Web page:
Restoration and research
Photography during restoration and research activities
It is frequently necessary to document a restoration process with photos. Then it is foremost about clarity: accurately depicting as many of the existing inadequacies as possible in an artwork or structure. Because restorers are usually not in a position to call on a professional photographer anytime they desire, they tend to shoot lots of so-called ‘before and during treatment’ photos themselves. The client or restorer often engages a professional photographer to take high-resolution (‘after treatment’) photo(s) once the restoration is completed.
Rembrandt van Rijn, Saul and David (1651-1654 and 1655-1658) Mauritshuis, The Hague. We see a detail of the face of David photographed in UV light during the first stadium of removing the old varnish.
But how do you go about making good photographs during a restoration, using diffused or UV light? If you work as a restorer and have specific technical questions, in many cases an advisory consultation can significantly improve the quality of your work-in-progress photos. As a result, these photos will provide an even better record of the entire restoration process.
Conservator Lieve d'Hont removing the old varnish layer from the Self-Portrait of Paul Moreelse (c. 1630, Mauritshuis, The Hague).
Two photos of the Self-Portrait of Moreelse with the varnish partially removed, shot with 'plain light' (left)and UV light (right).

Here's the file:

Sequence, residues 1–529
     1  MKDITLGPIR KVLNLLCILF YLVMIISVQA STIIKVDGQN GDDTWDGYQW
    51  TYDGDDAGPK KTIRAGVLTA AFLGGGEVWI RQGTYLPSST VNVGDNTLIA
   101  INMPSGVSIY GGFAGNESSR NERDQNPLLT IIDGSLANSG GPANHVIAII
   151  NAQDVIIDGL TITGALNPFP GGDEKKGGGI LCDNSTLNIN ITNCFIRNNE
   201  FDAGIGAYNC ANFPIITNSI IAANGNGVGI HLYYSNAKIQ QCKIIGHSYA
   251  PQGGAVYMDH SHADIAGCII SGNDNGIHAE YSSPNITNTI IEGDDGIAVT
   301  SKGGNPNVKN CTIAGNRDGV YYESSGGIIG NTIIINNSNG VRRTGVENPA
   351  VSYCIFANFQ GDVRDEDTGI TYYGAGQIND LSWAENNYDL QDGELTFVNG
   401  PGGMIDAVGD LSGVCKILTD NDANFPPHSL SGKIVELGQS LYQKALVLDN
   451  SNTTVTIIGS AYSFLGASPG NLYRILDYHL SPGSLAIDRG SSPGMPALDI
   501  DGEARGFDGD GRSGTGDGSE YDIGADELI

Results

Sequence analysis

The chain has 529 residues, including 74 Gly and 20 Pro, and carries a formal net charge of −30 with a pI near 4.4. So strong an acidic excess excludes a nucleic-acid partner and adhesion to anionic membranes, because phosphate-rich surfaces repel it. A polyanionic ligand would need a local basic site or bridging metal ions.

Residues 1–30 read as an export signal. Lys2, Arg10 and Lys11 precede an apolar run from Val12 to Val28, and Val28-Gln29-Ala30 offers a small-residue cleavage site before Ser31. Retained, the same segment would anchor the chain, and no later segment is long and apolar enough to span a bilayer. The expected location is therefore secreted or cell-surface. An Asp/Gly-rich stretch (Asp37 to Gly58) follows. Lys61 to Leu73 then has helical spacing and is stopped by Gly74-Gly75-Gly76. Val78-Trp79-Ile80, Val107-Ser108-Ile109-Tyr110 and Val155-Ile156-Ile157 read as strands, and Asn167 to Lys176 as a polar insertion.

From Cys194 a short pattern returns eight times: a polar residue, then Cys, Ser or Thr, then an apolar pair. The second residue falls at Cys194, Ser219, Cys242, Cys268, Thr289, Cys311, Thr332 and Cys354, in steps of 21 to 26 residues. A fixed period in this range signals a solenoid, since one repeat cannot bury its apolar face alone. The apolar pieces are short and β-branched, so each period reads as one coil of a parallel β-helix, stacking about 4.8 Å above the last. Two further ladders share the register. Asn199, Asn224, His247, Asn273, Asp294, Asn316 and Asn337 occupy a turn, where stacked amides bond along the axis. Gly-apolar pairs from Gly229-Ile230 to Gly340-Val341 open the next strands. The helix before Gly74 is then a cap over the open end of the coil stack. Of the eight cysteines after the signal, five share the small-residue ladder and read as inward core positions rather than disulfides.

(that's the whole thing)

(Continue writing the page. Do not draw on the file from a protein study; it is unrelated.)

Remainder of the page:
Lieve d'Hont explains: ‘Ultraviolet radiation (UV light) reveals the fluorescent properties of materials. Old yellow varnishes, based on natural resins, are perceived by the camera as yellowish-green—pigments often have a characteristic fluorescence as well. The white lead pigment used in the man’s collar is seen as white, while zinc white pigment fluoresces bright green. Zinc white started being used at the end of the eighteenth century. These photos were made during the removal of earlier varnishes and retouchings. The old varnish layer fluoresces transparent green. Where the varnish has been removed, the yellow-brown fluorescence of the original background and the bright-green fluorescent retouching with zinc white are easy to distinguish.
Rembrandt van Rijn, Saul and David (1651-1654 en 1655-1658) Mauritshuis, The Hague. Old varnish and restorations removed.
The figures were cut apart in the past and when they were rejoineded into one painting again, additional pieces of canvas were added. The current configuration was most likely made between 1830 and 1869.
Saul and David in stripped state, (without varnish and retouchings) shot with UV light.
Once the painting had been relieved of the old layers of varnish, it became apparent that it was created in several phases. The face of David shows Rembrandt's characteristic style from just after 1650, while other parts are painted freer and fiercer.
Rembrandt van Rijn, Saul and David (1651-1654 en 1655-1658) after restoration.
For a long time, this painting was regarded as a high point in Rembrandt's oeuvre, but in 1969 that recognition was called into question. The conclusion after this last compelling investigation is that the first and the last phase are from Rembrandt’s hand. (Source: article by E. Gordenker, ‘Rembrandt?’ in Mauritshuis in Focus 28, nr 2 2015).